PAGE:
Corresponding author address: Dr. Guy Delrieu, LTHE, UMR 5564 (CNRS, UJF, INPG, IRD), BP53, F-38041 Grenoble, Cedex 9, France.

guy.delrieu@hmg.inpg.fr

Introduction

In most of the textbooks (e.g., Collier 1989; Doviak and Zrnić 1993; Sauvageot 1992) and review papers (e.g., Smith 1986; Joss and Waldvogel 1990) devoted to weather radar applications in meteorology and hydrology, the choice of the operating wavelength is presented as an important and difficult compromise. The traditional candidates are the S-band (10 cm) and the C-band (5 cm) wavelengths, even if some systems operating at shorter wavelengths [X- (3.2 cm), Ka- (1.15 cm), and K band (0.86 cm)] have been used in spaceborne and airborne configurations [see Hildebrand and Moore (1990) for a review]. The X band also has been considered recently for ground-based weather radar applications in urban and mountain hydrology (Delrieu et al. 1997). The definite advantage of the 10-cm wavelength over the shorter wavelengths is that it is almost immune to attenuation by rainfall. This advantage comes at a high price, however, because the antennas of 10-cm radars have to be much larger, and their transmitted powers much higher, to retain a reasonable resolution and sensitivity.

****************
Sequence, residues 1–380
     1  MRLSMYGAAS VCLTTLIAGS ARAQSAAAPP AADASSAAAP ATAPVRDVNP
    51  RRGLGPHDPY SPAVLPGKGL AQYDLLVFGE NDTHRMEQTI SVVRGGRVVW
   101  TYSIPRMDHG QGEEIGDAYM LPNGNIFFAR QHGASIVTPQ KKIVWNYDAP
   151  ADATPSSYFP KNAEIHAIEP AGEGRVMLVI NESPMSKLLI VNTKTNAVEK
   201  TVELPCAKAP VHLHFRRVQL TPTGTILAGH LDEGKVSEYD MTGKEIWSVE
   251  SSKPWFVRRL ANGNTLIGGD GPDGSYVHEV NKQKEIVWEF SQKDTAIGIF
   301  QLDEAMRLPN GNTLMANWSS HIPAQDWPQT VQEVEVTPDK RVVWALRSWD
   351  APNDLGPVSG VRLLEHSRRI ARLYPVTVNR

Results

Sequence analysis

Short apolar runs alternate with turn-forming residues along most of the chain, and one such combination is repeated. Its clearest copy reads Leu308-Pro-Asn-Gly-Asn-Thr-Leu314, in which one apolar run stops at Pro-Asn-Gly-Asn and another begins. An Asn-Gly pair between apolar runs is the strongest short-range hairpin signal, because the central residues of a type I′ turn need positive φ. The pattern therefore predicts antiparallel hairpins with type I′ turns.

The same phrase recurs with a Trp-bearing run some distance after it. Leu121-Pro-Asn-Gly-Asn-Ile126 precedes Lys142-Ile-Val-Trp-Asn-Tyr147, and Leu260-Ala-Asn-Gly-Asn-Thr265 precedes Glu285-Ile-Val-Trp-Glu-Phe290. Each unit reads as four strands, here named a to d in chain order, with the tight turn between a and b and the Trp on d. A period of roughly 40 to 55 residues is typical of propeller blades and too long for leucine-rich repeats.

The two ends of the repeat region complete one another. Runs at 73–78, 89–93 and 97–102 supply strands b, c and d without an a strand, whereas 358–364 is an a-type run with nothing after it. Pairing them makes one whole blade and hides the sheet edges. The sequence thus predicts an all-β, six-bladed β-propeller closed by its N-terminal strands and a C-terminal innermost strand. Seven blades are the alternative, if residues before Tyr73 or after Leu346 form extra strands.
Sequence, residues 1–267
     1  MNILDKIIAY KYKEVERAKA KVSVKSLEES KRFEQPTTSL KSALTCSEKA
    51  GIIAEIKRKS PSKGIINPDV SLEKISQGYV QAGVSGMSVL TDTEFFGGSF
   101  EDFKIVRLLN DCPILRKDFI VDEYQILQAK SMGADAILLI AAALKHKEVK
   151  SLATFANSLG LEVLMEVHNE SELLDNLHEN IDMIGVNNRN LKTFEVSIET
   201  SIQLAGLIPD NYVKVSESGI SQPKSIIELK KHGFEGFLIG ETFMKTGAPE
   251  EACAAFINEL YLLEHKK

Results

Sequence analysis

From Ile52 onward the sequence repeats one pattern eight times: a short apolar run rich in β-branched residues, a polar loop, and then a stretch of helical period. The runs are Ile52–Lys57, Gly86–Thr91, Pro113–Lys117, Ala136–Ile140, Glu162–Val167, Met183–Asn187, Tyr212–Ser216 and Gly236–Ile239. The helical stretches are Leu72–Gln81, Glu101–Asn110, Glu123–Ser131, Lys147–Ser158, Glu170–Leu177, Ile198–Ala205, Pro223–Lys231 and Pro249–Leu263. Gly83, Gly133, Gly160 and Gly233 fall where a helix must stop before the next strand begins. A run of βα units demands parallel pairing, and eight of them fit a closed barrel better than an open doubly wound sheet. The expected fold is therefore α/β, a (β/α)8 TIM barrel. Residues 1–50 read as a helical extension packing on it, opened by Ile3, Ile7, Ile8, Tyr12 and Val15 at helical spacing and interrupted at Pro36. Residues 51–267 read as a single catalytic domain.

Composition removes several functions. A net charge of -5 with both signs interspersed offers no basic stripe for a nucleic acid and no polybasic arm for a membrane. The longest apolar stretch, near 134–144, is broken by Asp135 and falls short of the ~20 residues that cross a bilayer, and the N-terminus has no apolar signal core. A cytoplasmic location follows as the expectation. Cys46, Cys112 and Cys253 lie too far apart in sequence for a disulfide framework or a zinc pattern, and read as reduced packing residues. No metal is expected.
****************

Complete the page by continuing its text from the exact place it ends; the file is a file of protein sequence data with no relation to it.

The aim of the current paper is a quantification of the attenuation effects that ground-based weather radars may experience in Mediterranean heavy rainfall. This study is based on the dataset collected during the Cévennes 1986–88 Hydrometeorological Experiment (Andrieu et al. 1997; Creutin et al. 1997). The Cévennes region (southern part of the French Massif Central; Fig. 1) is prone to severe and long-lasting rainfall events, mainly during the autumn season, that are widespread geographically and can cause flash floods. In section 2 a procedure aimed at establishing the relationships between the rain rate R (mm h−1) and the radar measurables, that is the equivalent radar reflectivity factor Ze (mm6 m−3) and the attenuation coefficient k (dB km−1), is presented. The procedure is based on drop size distribution (DSD) measurements performed at ground level with a Joss–Waldvogel disdrometer. The diffusion and absorption of the electromagnetic waves by the hydrometeors are described using the Mie theory. Both the k–R and the ZeR relations are assumed to be represented with sufficient accuracy by means of the classical power-law model as follows: